Bad proposal by the Govt. could help hackers mine data.
By Dileep Thekkethil
If you have a habit of deleting chat records and attachments of your instant messaging apps such as Whatsapp, Apple iMessage, and Google Hangouts, this could soon be illegal in India as the government has proposed a new National Encryption Policy that require users and online business organizations to keep their chat and email records in plain text at least for a period of 90 days.
According to a report published by the Outlook magazine, India has the worst record of maintaining secret data as they come under constant hack attack. The new move of the central government will aggravate the issue as keeping information such as passwords and other data in plain text could help hackers to tamper with data.
The draft of the policy document has been published online for citizens to read and respond. The draft has detailed the encryption methods that should be used by the government, businesses and citizens. If the public opinion is in favor of the draft, Instant messaging apps will have to alter their encryption methods to fall in line with the government proposal.
Here are some of the key implications for citizens and online business firms:
According to the policy draft, citizens should use encryption prescribed by the government for storage and communication purpose. Also, the government will roll out new encryption algorithms and key sizes from time to time through notifications. This essentially means that it will be the sole power of the government to design and regulate encryption standards for entities like Whatsapp and iMessage.
Interestingly, the government hasn’t left out any citizens, whether it be the uneducated or the less tech savvy, from following the guidelines. More bizarre is the dictate to keep the important data stored in plain text version for 90 days. One startling question is, what if the device got infected by a virus or we had to force restore the device due to some technical glitch. Hopefully, that doesn’t happen at the wrong time when authorities ask for reproducing data.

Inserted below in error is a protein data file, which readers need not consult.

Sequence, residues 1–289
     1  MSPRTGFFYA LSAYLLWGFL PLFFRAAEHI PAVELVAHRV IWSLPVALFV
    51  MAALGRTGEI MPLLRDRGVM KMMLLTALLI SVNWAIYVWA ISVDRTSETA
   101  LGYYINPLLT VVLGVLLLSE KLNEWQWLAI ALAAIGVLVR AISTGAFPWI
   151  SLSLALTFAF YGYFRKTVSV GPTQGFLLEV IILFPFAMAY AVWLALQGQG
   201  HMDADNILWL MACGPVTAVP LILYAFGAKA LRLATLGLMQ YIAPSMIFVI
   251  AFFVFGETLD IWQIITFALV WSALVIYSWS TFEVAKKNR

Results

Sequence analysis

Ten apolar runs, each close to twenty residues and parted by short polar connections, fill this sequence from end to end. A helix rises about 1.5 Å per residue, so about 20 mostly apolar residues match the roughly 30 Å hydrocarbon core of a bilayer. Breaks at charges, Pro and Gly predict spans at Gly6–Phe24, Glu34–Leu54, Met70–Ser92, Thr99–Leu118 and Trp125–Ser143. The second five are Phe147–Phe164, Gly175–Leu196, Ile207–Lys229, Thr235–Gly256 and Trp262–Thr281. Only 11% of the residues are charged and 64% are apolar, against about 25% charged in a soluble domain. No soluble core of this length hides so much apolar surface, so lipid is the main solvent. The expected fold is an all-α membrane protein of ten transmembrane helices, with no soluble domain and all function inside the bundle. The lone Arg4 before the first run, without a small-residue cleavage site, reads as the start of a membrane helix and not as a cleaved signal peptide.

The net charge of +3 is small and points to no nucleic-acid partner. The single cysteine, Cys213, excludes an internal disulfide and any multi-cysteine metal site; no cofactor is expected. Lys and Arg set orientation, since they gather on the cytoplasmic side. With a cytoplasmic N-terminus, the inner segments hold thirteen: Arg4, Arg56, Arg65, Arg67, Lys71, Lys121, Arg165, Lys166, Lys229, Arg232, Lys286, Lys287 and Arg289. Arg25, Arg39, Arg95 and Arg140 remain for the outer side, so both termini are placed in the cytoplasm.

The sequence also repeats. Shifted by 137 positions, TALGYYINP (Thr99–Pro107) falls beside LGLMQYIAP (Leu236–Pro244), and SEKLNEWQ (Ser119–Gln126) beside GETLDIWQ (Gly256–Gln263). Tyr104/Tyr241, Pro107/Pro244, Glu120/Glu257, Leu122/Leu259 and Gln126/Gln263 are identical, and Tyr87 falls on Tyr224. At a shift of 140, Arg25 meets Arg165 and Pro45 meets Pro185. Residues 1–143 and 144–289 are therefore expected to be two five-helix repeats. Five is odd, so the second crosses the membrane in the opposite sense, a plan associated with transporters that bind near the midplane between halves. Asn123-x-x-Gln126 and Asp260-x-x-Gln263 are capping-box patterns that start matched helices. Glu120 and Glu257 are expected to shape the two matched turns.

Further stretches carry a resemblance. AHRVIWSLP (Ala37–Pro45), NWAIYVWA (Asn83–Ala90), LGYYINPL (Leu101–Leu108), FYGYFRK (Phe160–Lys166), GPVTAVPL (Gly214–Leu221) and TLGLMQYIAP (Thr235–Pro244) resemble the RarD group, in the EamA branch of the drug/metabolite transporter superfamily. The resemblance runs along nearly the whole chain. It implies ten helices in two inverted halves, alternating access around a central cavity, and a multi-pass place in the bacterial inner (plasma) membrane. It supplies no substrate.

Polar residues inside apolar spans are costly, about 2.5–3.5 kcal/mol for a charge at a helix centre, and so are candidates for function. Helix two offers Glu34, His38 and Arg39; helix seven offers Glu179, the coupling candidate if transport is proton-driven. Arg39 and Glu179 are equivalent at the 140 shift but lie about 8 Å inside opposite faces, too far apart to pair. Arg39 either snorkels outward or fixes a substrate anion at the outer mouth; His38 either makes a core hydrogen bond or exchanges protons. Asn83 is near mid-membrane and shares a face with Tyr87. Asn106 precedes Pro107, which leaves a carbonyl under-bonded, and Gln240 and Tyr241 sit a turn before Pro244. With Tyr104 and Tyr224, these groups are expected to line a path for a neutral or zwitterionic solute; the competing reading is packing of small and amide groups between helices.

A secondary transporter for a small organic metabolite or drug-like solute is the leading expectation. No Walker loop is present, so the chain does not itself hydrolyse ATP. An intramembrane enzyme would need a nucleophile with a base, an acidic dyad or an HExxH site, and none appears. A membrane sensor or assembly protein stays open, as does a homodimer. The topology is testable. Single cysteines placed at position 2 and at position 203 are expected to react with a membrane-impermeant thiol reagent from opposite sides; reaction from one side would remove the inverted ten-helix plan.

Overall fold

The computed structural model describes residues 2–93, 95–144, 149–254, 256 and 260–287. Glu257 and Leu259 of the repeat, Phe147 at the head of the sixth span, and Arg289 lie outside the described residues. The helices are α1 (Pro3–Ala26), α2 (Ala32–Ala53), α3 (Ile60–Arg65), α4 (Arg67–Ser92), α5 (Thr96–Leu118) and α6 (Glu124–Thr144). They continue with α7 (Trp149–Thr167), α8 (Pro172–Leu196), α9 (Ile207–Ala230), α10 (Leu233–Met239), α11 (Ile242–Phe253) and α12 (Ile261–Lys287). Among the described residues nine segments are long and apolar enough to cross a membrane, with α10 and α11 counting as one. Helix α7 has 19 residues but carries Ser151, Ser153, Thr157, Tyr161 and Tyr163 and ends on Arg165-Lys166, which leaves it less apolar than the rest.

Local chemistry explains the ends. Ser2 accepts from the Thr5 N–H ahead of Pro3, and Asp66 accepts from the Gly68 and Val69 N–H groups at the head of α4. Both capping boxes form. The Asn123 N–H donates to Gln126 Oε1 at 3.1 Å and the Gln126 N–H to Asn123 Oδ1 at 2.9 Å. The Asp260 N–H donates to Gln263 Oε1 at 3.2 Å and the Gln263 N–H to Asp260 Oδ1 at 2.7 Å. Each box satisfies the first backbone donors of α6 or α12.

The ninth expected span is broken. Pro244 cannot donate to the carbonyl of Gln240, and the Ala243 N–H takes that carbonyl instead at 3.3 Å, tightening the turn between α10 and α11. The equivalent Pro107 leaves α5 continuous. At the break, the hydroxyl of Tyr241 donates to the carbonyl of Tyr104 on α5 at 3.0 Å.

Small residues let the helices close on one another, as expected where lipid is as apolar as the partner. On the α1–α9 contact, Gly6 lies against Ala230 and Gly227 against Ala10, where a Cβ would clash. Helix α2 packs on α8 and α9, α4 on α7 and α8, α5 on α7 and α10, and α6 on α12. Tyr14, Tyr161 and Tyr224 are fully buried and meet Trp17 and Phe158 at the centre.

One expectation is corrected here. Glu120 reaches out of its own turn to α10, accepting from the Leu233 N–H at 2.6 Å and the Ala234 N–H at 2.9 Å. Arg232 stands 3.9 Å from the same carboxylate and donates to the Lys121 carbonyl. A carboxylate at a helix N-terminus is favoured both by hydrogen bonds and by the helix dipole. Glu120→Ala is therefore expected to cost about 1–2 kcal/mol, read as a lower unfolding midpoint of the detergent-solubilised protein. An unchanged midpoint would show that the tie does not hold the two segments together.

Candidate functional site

As per the draft, “all citizens including personnel of Government / Business (G/B) performing non-official / personal functions, are required to store the plaintexts of the corresponding encrypted information for 90 days from the date of transaction and provide the verifiable Plain Text to Law and Enforcement Agencies as and when required as per the provision of the laws of the country.”
For B2B or enterprise users, the new draft is more than a nightmare. It says, “On demand, the user shall be able to reproduce the same Plain text and encrypted text pairs using the software / hardware used to produce the encrypted text from the given plain text. Such plain text information shall be stored by the user/organisation/agency for 90 days from the date of transaction and made available to Law Enforcement Agencies as and when demanded in line with the provisions of the laws of the country.” Which means online marketplaces like Flipkart and Snapdeal will have to put their user info in plain text inside the server, making it easy for the hackers to consume the data for all wrong reasons.
There is a detailed clause in the draft explaining how foreign and innate service providers have to comply with the government’s proposed encryption technology. If the draft becomes government policy, the service providers will have to enter into an agreement with the government of India for providing encrypted technology and the government will constitute an agency exclusively for looking into this.
“All vendors of encryption products shall register their products with the designated agency of the government. While seeking registration, the vendors shall submit working copies of the encryption software / hardware to the Government along with professional quality documentation, test suites, and execution platform environments. The vendors shall work with the designated Government Agencies in security evaluation of their encryption products,” the draft adds.
Apple, Google, and Whatsapp will be forced to sign a pact with the government of India submitting that it is willing to provide services adhering to the encryption technology proposed by the government.
What is appalling for app providers is the fear of getting stuck in the bureaucratic roadblock. For citizens, this could end up in rewriting the concept of privacy in the country as their sensitive data will be up in plain text, susceptible to abuse.
Thankfully, the draft has given an exemption to products like SSL/TLS that are used for financial transactions. But, citizens who use services not approved by the government will face legal action if found. The draft says, “Government reserves the right to take appropriate action as per Law of the country for any violation of this Policy.”
The draft has been scripted by the expert panel constituted by Department of Electronics and Information Technology under the supervision of Ministry of Information Technology. Feedback of citizens should be emailed to firstname.lastname@example.org by October 16 and give suggestions.